Saving for a down payment is one of the main reasons people do not think home ownership is an attainable goal. Many people intend to start saving for a down payment but life gets in the way. If you are considering putting 20% down on an average home in Portland you would be looking at about $90,000 out of pocket, not including closing costs. Of course, you could start off by looking for homes closer to the $300,000 price point so you would be looking closer to a $60,000 down payment. You may be thinking that you might be able to swing that in the next 20 years but if you want to buy in the next few years you are out of luck.
Don’t be discouraged! There are many ways of fulfilling your goal of buying a house in the near future.
One option is to put less than 20% down. If you have a good income but not a lot in savings it may be worth considering some of the low or no money down options. The less money you put down the higher your payments will be but it is definitely worth looking into. Consult a local lender to discuss options for putting less money down and down payment assistance programs.
Here is a step by step guide to help you save for a larger down payment:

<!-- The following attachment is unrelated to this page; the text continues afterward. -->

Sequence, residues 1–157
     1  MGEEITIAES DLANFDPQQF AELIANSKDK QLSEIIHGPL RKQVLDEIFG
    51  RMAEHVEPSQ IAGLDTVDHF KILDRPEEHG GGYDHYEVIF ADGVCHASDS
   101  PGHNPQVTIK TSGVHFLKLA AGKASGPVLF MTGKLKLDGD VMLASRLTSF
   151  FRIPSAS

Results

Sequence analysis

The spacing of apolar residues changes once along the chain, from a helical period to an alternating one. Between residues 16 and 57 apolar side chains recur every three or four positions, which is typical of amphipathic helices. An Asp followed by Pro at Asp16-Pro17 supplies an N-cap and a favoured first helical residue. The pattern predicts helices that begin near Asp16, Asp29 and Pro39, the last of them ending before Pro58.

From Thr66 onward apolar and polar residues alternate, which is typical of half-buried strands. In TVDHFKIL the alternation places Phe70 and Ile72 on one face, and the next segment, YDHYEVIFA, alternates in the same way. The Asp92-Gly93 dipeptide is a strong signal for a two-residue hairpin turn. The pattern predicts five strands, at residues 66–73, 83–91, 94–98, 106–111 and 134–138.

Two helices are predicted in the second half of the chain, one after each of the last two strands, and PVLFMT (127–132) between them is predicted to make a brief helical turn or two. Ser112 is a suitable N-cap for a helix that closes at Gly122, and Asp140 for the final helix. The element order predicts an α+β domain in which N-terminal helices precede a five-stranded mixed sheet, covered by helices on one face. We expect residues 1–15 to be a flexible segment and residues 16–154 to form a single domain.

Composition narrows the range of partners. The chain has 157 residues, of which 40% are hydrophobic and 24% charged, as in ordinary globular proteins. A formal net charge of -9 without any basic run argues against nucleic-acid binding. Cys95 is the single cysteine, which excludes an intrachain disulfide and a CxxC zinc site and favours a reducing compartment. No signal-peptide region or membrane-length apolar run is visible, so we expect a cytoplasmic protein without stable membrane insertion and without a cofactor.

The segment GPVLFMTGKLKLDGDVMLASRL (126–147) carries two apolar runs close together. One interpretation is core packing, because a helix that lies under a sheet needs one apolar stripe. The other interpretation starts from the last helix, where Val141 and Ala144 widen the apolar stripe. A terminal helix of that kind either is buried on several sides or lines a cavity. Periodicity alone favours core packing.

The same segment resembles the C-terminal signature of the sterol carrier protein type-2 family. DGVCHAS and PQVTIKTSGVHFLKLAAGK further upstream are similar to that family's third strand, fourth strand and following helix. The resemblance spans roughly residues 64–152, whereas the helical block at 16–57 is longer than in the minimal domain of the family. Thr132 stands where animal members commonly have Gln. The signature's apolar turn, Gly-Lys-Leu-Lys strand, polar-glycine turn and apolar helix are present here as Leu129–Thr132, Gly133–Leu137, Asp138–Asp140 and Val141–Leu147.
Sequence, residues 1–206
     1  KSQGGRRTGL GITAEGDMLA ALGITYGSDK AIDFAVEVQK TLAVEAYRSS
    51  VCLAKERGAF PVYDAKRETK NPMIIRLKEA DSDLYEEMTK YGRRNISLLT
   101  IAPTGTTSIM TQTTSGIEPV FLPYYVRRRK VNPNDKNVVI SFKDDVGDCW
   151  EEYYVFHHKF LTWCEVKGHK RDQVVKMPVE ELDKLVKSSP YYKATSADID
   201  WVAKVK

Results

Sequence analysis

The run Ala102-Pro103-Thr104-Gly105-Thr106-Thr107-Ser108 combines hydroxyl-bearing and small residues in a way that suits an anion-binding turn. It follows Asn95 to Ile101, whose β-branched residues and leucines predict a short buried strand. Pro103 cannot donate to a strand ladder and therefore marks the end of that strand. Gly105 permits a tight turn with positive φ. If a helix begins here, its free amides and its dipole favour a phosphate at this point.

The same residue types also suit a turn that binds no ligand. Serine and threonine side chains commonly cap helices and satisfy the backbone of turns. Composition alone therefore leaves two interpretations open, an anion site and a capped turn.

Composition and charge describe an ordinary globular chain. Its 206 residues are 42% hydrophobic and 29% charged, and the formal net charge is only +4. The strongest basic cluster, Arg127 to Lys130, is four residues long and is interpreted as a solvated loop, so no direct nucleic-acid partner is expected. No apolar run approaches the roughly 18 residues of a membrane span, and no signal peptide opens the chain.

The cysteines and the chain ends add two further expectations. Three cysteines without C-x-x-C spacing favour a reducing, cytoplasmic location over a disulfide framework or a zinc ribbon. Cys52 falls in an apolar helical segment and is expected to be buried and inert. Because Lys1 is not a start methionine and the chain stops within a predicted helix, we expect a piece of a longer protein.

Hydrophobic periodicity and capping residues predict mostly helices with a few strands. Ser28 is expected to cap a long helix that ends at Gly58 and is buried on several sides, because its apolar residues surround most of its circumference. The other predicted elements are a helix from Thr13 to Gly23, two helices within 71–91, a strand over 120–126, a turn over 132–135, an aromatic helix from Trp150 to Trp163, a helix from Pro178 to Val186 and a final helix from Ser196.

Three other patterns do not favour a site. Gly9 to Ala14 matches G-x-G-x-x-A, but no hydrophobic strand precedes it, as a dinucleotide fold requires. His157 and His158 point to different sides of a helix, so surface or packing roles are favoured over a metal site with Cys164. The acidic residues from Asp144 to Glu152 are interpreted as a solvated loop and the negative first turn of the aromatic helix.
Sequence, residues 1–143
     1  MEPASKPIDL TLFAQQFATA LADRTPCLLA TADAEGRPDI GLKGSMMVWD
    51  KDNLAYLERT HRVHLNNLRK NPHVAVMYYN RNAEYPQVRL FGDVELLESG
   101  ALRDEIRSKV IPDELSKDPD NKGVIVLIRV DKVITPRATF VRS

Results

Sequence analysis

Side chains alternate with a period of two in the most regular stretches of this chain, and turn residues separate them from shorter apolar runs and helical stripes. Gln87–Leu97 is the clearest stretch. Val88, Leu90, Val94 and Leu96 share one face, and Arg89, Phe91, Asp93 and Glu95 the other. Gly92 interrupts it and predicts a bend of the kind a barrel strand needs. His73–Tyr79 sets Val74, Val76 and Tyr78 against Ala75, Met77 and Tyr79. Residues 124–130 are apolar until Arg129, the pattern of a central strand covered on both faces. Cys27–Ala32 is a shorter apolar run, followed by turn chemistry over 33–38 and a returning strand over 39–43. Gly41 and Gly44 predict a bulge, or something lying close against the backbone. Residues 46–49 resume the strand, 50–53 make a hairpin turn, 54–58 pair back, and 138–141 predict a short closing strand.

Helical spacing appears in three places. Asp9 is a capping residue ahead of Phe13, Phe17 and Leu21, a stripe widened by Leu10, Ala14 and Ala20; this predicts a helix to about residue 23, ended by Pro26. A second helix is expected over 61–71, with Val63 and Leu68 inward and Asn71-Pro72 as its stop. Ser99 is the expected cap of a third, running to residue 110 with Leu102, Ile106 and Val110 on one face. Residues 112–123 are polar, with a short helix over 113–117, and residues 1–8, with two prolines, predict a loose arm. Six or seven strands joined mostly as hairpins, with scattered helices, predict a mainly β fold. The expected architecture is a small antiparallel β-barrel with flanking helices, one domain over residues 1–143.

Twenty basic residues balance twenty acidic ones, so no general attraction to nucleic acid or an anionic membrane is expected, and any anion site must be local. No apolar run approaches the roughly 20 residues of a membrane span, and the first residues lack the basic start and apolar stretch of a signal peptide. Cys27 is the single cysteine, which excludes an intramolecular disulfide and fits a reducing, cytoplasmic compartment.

Establish a Goal.
Example: Save $60,000 for a down payment on a $300,000 home.
Look at your current financial situation. Is there any money in your savings that you can set aside for a down payment already?
Example: You have $10,000 in your savings already that you can use for a down payment. New goal: Save $50,000.
Find a good bank account to hold your money. This bank account should have a reasonable interest rate because you will likely not be touching this money for 5-8 years. The interest you get will help with closing costs, inspection fees, and other costs that go into buying a home.
Example: You put that $10,000 into a separate and high interest bearing bank account.
Do an in depth analysis of what you spend on a monthly basis. Are there any unnecessary costs you can eliminate to help put more towards your savings? Determine how much you can put towards your down payment fund monthly.
Example: After all of your expenses are paid and putting some into your rainy day fund you have an extra $500 coming in monthly.
If possible, adjust your paycheck to have money deposited directly into this bank account so you do not slip up and use that money for unnecessary purchases.
If you get a raise or have additional money coming in through other income streams don’t just increase your expenses, be sure to put a portion of your increased income towards your down payment costs.
If you follow these steps you should be able to save enough for a 20% down payment within 5-8 years. Again, you do not have to come up with the full 20% down payment. You could start with 10% and talk to a lender to determine what that looks like on a monthly basis.
Don’t forget to have money in another savings account to use when unexpected events occur. The common suggestion is to have at least 3 times your monthly expenses put away in case of unexpected issues like loss of employment. Again, make sure these accounts are separate so you have to think twice before dipping into your down payment savings.